This Friday we observe 9/11 and honor those whose lives were lost then, and in the events that followed. This is the time to learn or brush up on the Girl Scout Flag Ceremony so your troop or group can perform it in honor of the fallen. Here is a simple way to perform a flag ceremony:
When to perform a Girl Scout flag
• Opening or closing meetings
• Opening or closing special events
• Beginning or closing a day
• Honoring a special occasion or special
• Retiring a worn flag
Adults planning questions:
Things to consider if you have younger girls
in your troop or group:
1. Who will carry the flag?
2. Who will be the color guards?
3. Who will give the directions for the
4. What song will be sung? Who will
sound the pitch and start the song?
5. Will a poem or quotation be included?
Who will say or read it?
6. After the Pledge of Allegiance, will the
Girl Scout Promise and the Law be
7. In what order will the parts
of the ceremony take
8. When will the group
9. Where will the flags be
placed at the end of the
Commands for a Flag
“Girl Scouts, attention.”
“Color guard, advance.”
“Color guard, post the colors”
“Color guard, honor your flag.”
“Please join us in saying the Pledge of
“Color guard, honor your flag.”
“Color guard, retire the colors.”
“Color guard, dismissed.”
“Girl Scouts, dismissed.”
Handling the American Flag
Display of the American flag is governed by
law to ensure that it will be treated with the
respect due the flag of a great nation. This
is known as the United States Flag Code.
Some of the rules most useful for Girl
• The American flag must be placed
in the center, and higher, when
displayed with a group of state, local,
or organizational flags flown from
staffs. It may also be positioned to the
right of other flags. (If girls were to hold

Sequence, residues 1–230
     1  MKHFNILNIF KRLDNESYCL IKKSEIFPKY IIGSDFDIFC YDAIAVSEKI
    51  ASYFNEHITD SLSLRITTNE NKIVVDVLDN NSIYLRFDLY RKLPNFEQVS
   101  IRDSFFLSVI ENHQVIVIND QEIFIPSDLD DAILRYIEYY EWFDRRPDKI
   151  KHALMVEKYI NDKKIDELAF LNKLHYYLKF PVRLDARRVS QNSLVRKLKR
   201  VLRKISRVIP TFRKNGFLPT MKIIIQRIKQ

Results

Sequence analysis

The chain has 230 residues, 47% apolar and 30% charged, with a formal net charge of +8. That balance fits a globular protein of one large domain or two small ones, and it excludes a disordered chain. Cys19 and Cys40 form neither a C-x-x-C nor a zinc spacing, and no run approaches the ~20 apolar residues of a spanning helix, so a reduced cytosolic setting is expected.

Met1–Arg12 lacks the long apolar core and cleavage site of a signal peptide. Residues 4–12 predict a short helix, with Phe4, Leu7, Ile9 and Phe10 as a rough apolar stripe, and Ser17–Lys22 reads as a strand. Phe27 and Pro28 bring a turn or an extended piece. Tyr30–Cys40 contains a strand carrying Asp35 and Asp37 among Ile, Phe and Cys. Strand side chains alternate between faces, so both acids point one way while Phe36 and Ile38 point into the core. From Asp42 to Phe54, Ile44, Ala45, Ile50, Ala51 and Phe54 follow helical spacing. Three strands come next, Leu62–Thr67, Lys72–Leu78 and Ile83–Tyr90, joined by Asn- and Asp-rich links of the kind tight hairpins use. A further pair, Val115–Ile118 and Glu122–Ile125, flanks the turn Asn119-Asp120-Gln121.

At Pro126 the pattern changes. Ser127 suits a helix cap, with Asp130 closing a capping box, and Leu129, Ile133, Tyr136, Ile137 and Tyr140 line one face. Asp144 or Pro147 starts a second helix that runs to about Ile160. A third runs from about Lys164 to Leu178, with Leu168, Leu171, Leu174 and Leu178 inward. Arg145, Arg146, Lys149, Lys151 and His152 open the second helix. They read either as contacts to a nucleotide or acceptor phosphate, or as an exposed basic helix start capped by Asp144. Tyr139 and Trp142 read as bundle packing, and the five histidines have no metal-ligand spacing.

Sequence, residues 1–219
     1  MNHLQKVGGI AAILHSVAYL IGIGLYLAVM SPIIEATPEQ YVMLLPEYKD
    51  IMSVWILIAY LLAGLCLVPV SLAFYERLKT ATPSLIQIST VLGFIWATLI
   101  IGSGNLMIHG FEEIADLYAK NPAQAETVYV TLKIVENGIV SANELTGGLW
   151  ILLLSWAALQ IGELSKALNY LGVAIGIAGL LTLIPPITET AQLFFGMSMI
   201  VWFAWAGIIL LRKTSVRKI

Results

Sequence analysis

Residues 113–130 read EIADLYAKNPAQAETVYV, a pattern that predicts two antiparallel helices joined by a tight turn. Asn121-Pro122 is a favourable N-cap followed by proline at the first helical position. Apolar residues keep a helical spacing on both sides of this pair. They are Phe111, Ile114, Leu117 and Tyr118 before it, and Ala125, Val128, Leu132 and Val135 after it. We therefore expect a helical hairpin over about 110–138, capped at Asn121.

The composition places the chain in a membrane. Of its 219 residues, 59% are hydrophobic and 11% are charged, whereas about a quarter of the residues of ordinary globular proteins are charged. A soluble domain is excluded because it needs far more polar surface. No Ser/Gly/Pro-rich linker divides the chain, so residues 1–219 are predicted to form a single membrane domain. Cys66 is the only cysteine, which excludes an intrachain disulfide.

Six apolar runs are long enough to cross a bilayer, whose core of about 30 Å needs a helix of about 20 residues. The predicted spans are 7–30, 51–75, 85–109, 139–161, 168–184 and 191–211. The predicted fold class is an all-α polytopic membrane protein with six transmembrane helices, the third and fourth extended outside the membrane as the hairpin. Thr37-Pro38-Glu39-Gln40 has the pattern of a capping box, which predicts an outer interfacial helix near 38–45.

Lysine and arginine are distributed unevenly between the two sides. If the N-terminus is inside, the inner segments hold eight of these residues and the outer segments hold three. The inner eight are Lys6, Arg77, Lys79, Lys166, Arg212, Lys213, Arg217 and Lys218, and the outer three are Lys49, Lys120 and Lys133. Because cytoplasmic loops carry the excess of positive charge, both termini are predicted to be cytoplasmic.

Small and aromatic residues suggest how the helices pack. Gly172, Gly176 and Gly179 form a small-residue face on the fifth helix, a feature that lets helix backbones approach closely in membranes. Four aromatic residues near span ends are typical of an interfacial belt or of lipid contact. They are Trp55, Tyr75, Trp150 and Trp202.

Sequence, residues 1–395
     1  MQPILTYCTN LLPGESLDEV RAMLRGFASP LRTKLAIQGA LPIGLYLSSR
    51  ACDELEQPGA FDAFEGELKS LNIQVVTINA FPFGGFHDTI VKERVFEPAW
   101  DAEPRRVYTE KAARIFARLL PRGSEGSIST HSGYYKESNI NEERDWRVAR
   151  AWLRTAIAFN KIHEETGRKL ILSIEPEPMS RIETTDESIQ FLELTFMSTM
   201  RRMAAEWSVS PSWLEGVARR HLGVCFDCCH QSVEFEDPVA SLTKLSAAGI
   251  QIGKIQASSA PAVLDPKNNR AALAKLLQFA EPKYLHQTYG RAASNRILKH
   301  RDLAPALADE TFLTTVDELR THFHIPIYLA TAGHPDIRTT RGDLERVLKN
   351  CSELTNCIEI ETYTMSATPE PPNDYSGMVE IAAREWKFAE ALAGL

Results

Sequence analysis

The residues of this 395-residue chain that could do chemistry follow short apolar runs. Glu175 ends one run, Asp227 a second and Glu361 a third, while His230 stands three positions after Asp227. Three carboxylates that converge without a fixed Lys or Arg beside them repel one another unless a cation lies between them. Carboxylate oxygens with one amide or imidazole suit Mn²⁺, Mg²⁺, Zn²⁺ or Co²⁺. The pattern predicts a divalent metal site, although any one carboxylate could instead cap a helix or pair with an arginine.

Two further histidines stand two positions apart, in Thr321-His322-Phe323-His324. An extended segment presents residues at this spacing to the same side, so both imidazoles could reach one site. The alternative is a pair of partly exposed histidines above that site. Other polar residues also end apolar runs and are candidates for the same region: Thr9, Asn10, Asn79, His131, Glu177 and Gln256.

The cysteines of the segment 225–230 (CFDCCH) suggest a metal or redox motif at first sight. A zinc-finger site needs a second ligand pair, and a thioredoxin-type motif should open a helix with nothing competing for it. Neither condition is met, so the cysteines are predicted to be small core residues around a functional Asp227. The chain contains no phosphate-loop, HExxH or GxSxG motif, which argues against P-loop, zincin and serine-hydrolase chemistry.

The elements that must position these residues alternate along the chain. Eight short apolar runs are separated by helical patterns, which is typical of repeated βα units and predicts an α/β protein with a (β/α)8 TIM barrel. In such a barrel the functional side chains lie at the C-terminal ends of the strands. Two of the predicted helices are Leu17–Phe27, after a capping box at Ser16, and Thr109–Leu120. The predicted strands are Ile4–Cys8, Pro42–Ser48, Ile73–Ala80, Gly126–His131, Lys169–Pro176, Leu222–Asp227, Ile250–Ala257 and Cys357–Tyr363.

the flag while facing their audience,
their right side would be the flag’s own
• When displayed from a staff in a house
of worship or public auditorium, the
flag of the United States must hold
the position of superior prominence,
in advance of the audience, and in the
position of honor at the clergy’s or
speaker’s right as he or she faces the
Aug. 3 National Watermelon Day
Aug. 10 National S’mores Day
Aug. 13 Left Hander’s Day
Aug. 30 National Marshmallow
Sept. 7 Labor Day
Sept. 11 9/11 Remembrance Day
Sept. 13 Grandparent’s Day
Sept. 17 Constitution Day
Sept. 21 International Peace Day
Sept. 25 Native American Day
Things to Celebrate
audience. Any other flag so displayed
should be placed on the left of the
clergy or speaker or to the right of the
• The flag is to be hoisted briskly and
lowered slowly with dignity.
• The flag should never be allowed to
touch anything beneath it, nor should
it ever be carried flat or horizontally—
always aloft and free.
• Never use the flag as a cover or place
anything on top of it.
• No disrespect of any kind should be
shown to the flag of the United States.
It should be kept clean.
• The flag, when carried in a procession
with other flags, should be either on
the marching right or, if there is a line
of other flags, in front of the center of
• When you display the flag on a wall
or in a window where people see it
from the street, it should be displayed
flat with the blue part at the top and
on the flag’s own right (which is the
• When displayed after dark, the flag
should be illuminated.
For more information about flag
ceremonies, see The Girl’s Guide to Girl